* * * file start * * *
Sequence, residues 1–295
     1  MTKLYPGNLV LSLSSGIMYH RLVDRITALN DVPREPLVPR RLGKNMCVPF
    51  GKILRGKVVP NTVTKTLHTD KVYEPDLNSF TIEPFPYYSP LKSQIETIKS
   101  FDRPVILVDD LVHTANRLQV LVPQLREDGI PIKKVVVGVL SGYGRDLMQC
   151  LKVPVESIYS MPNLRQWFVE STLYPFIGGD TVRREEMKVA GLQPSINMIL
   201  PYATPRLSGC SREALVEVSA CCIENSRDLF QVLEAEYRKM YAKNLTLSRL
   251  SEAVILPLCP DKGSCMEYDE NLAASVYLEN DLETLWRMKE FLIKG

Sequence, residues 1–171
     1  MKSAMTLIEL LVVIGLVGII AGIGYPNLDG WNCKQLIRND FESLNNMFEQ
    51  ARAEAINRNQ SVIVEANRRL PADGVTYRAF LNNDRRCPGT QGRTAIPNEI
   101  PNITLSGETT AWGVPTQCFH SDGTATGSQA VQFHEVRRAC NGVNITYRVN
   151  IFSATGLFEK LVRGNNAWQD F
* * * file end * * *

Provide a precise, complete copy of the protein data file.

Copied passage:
Sequence, residues 1–295
     1  MTKLYPGNLV LSLSSGIMYH RLVDRITALN DVPREPLVPR RLGKNMCVPF
    51  GKILRGKVVP NTVTKTLHTD KVYEPDLNSF TIEPFPYYSP LKSQIETIKS
   101  FDRPVILVDD LVHTANRLQV LVPQLREDGI PIKKVVVGVL SGYGRDLMQC
   151  LKVPVESIYS MPNLRQWFVE STLYPFIGGD TVRREEMKVA GLQPSINMIL
   201  PYATPRLSGC SREALVEVSA CCIENSRDLF QVLEAEYRKM YAKNLTLSRL
   251  SEAVILPLCP DKGSCMEYDE NLAASVYLEN DLETLWRMKE FLIKG

Sequence, residues 1–171
     1  MKSAMTLIEL LVVIGLVGII AGIGYPNLDG WNCKQLIRND FESLNNMFEQ
    51  ARAEAINRNQ SVIVEANRRL PADGVTYRAF LNNDRRCPGT QGRTAIPNEI
   101  PNITLSGETT AWGVPTQCFH SDGTATGSQA VQFHEVRRAC NGVNITYRVN
   151  IFSATGLFEK LVRGNNAWQD F